The RIBA has responded to a major financial crisis by proposing cuts to the services it offers members.
The institute has undertaken a review of all its activities - which includes developing plans to pare back the regional network - because of a £5.5 million hole in one of its employee pension funds.A 3 per cent drop in membership during the past year has also aggravated the situation.
At last week's council meeting, vice-president for membership Aaron Evans likened his position to 'being in charge of the deckchairs on the Titanic as it sank'.
In response, chief executive Richard Hastilow has drafted a secret discussion paper - seen by the AJ - proposing the 'rationalisation of the regional network'.The report suggests the merger of Wessex with the South West, the North with Yorkshire, and the West Midlands with East Midlands.
The institute's problems centre on a final-salary pension fund run for staff until 1996, when former director general Alex Reid realised it was in difficulty and ordered that new staff should use a different scheme.However, problems maintaining the fund at a healthy level reappeared last year following a drop in the stock market.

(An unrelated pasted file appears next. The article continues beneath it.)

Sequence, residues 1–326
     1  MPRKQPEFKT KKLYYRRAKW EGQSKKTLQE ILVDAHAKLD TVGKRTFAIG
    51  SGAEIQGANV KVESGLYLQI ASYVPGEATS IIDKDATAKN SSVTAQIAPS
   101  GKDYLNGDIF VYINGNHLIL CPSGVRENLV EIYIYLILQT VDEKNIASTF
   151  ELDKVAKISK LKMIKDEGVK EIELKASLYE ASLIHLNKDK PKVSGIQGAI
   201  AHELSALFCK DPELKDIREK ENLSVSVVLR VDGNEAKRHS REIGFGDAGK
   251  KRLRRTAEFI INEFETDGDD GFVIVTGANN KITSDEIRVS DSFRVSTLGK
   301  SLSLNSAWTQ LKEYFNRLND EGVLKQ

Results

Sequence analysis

At a recent meeting of the regional chairs, Hastilow admitted that the institute needs to find £750,000 a year from 2006, with contributions increasing until the £5.5 million void has been filled.
He confessed that the institute is facing hard choices on how to cut back the cost of services offered by its new cultural arm the Foundation, its commercial arm RIBA Enterprises, and also the Professional Services department.
And president George Ferguson - speaking at last week's council meeting - agreed there were real problems.'When we say 'cuts'we mean 'cuts''he said.'But we must try and use this as a way for us to think creatively and work out ways of solving our problems.'
Councillor David Thorp was more pessimistic, likening the institute to a 'dead fish in the water'.'This has been coming for some time and it should have been predicted, ' he said.
'The fact is what we need to do is charge more for membership. It is the only way we can keep services at the present level.'
However, in an official response, Hastilow insisted the 'situation is neither catastrophic nor cataclysmic'.
'We do have this one big problem with the pension fund and we do have to look at ways of saving money, 'he said.
'We have had this big dip, and we do have to work out how to solve this problem unless the stock market suddenly gets better, 'he added.